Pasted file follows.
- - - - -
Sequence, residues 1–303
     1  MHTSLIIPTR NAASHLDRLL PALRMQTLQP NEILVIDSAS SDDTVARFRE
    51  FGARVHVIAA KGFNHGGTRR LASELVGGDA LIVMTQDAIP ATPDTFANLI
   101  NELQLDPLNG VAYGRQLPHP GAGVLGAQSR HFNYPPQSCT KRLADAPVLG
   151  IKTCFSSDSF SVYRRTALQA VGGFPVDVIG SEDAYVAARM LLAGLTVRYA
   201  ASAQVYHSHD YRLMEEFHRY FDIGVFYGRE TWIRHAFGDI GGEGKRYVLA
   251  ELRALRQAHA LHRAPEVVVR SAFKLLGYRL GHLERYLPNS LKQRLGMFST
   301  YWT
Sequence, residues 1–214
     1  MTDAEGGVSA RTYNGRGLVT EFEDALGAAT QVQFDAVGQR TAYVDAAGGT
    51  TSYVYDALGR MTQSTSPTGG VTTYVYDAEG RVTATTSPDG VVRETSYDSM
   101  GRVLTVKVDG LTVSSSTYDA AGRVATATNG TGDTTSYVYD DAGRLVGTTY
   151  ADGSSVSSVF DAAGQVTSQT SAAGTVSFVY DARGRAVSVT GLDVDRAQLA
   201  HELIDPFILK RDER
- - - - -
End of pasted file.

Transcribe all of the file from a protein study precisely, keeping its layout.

Sequence, residues 1–303
     1  MHTSLIIPTR NAASHLDRLL PALRMQTLQP NEILVIDSAS SDDTVARFRE
    51  FGARVHVIAA KGFNHGGTRR LASELVGGDA LIVMTQDAIP ATPDTFANLI
   101  NELQLDPLNG VAYGRQLPHP GAGVLGAQSR HFNYPPQSCT KRLADAPVLG
   151  IKTCFSSDSF SVYRRTALQA VGGFPVDVIG SEDAYVAARM LLAGLTVRYA
   201  ASAQVYHSHD YRLMEEFHRY FDIGVFYGRE TWIRHAFGDI GGEGKRYVLA
   251  ELRALRQAHA LHRAPEVVVR SAFKLLGYRL GHLERYLPNS LKQRLGMFST
   301  YWT
Sequence, residues 1–214
     1  MTDAEGGVSA RTYNGRGLVT EFEDALGAAT QVQFDAVGQR TAYVDAAGGT
    51  TSYVYDALGR MTQSTSPTGG VTTYVYDAEG RVTATTSPDG VVRETSYDSM
   101  GRVLTVKVDG LTVSSSTYDA AGRVATATNG TGDTTSYVYD DAGRLVGTTY
   151  ADGSSVSSVF DAAGQVTSQT SAAGTVSFVY DARGRAVSVT GLDVDRAQLA
   201  HELIDPFILK RDER